Preview: Edward Scissorhands

Narrative dance show based on Tim Burton's classic film comes to Glasgow

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Edward Scissorhands

Bill Cooper

Sit in a production meeting with Lez Brotherston, and chances are you’ll hear the word ‘why’ on more than one occasion. ‘My training is to question everything,’ says the set and costume designer, ‘it’s just the way I think.’

In 2005, when Brotherston was first collaborating with choreographer Matthew Bourne on a stage version of Edward Scissorhands, the very existence of the sharp-fisted boy was up for discussion.

‘The first question we asked is why does the old man need to make a boy?’ says Brotherston. ‘And we decided that he used to have a son who was struck by lightning while he was playing with scissors and died.’

From there, the subject turned to era. Tim Burton’s film was shot and set in the 1980s, but Brotherston and Bourne had other ideas – taking it back to the 1950s.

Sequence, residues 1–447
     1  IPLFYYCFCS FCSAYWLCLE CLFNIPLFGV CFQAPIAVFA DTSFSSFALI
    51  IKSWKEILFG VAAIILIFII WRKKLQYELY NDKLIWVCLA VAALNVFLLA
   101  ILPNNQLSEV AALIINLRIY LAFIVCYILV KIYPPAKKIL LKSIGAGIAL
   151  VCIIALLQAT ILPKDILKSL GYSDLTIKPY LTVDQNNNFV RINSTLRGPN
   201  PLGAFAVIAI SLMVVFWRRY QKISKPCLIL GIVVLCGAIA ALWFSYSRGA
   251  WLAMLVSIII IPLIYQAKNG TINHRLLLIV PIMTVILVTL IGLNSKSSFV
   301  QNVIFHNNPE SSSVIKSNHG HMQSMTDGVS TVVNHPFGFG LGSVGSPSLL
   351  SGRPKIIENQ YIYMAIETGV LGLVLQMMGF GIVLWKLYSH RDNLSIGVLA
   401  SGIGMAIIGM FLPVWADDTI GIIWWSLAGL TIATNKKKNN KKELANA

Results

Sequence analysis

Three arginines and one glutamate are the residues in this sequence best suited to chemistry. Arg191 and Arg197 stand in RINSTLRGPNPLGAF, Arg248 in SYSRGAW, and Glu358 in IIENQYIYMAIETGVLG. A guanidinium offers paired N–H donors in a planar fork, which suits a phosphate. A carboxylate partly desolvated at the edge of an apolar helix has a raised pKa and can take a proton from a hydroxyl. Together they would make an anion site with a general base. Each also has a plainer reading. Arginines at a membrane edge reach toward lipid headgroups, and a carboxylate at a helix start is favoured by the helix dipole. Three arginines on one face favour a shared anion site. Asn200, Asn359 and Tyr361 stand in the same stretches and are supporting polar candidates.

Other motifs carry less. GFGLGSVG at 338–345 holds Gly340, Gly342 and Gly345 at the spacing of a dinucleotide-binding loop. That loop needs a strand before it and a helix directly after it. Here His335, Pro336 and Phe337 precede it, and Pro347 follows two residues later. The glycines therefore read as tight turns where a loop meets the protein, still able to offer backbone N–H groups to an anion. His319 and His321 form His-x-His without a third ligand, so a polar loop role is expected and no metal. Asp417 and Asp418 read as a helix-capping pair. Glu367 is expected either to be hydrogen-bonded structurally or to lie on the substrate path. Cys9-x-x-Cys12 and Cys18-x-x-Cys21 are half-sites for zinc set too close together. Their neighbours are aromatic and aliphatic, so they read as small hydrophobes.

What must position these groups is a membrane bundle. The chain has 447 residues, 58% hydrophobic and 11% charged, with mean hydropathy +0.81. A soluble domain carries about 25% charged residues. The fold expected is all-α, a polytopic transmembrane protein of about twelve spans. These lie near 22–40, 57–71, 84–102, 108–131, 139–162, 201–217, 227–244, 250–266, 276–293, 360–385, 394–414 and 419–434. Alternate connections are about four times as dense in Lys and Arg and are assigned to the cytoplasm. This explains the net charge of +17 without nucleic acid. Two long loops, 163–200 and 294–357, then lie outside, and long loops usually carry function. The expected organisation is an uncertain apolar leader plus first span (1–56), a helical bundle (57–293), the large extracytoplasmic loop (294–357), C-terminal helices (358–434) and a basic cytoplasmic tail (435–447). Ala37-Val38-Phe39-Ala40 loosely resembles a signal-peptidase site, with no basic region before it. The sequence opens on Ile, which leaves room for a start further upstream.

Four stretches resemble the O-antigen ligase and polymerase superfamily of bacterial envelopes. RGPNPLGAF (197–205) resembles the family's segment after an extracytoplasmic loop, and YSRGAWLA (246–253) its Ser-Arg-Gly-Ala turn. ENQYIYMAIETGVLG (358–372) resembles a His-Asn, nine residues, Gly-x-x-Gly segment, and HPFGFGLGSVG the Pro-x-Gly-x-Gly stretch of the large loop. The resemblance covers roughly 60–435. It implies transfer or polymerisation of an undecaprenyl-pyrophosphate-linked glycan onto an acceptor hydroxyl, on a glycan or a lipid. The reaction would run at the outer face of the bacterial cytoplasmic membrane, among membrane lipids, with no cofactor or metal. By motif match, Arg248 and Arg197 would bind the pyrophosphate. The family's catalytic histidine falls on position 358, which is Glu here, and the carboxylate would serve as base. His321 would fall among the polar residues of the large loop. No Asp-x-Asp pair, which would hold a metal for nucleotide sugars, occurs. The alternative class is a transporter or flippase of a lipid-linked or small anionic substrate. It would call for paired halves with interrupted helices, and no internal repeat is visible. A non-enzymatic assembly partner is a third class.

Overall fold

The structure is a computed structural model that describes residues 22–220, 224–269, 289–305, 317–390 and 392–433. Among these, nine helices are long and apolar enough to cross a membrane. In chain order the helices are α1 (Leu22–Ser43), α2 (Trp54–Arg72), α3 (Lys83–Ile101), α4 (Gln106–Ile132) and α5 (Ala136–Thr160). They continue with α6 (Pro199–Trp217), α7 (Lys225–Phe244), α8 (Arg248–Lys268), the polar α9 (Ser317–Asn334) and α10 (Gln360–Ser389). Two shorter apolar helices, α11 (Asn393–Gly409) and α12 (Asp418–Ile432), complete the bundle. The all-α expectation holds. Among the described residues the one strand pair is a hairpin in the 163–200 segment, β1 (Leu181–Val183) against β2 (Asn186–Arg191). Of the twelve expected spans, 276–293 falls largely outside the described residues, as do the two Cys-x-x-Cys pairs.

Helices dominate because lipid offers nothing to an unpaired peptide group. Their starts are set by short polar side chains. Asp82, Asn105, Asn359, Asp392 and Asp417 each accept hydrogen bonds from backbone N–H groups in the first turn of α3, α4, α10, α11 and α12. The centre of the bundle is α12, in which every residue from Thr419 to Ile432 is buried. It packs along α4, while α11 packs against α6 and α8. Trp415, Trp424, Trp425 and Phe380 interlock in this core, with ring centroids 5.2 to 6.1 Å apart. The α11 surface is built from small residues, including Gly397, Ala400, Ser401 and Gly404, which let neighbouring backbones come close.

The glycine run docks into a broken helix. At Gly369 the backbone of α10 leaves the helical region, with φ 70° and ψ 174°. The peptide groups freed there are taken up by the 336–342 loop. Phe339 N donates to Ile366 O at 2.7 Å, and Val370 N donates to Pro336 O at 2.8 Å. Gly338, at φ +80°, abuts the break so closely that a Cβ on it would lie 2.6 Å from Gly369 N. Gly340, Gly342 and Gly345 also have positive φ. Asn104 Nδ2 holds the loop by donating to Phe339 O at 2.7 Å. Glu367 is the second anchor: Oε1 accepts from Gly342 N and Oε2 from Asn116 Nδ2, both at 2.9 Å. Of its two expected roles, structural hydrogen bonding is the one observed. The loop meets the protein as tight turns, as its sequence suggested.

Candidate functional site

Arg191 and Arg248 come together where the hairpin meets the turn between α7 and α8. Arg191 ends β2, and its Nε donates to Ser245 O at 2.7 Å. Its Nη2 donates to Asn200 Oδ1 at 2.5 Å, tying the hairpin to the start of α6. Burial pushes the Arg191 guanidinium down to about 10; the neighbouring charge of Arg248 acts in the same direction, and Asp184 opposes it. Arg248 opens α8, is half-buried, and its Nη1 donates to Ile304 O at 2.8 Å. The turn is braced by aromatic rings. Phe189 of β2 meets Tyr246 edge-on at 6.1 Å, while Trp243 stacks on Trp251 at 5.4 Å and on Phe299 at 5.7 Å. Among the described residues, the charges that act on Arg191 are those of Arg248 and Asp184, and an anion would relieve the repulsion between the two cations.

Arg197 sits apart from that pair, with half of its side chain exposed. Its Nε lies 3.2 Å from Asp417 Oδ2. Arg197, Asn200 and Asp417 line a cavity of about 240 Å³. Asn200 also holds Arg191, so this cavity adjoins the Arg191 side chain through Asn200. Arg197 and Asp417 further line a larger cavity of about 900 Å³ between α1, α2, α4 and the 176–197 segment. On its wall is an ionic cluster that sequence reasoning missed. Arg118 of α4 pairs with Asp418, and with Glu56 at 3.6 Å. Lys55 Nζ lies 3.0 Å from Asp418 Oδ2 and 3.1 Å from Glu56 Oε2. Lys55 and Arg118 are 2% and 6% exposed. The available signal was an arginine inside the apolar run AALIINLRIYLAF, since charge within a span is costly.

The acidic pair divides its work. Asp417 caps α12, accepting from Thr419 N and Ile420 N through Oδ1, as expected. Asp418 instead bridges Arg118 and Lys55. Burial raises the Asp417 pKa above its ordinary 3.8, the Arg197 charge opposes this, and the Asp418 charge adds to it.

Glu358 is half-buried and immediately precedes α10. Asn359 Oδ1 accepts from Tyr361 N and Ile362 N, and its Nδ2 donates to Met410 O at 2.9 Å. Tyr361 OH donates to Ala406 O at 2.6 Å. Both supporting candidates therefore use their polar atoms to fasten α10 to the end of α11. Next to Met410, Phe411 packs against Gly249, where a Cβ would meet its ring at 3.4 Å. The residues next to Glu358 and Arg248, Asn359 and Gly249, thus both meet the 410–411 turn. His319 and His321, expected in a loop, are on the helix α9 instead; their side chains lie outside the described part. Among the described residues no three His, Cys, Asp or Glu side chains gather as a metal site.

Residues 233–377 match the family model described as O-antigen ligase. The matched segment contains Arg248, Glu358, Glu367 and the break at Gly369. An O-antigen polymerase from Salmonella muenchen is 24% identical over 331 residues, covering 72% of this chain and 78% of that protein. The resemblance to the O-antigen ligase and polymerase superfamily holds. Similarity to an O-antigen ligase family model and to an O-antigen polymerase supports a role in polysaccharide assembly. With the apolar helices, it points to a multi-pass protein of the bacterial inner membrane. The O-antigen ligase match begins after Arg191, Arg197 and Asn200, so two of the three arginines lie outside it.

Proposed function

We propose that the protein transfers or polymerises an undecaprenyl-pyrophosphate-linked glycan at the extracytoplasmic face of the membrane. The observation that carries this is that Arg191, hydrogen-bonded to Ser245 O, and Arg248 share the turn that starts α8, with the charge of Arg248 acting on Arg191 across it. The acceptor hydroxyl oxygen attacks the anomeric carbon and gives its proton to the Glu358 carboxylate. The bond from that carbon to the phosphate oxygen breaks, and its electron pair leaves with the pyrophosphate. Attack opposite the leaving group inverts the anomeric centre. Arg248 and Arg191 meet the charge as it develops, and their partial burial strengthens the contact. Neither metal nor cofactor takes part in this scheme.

Clothes too were altered, largely to facilitate the dancers’ movement. In the film, Edward is made out of an old boiler, while in the dance version, an old leather sofa is ripped up and sewn back together to make a boy.

‘There was such a glut of films being turned into shows at that time,’ recalls Brotherston, ‘and what we didn’t want to do, was just take the film, copy it, and try to put it on stage. The film is its own thing – and that’s not what we do.’

Theatre Royal, Glasgow, Wed 19–Sat 22 Nov.

Edward Scissorhands

Matthew Bourne's balletic adaptation of the magical Tim Burton film.

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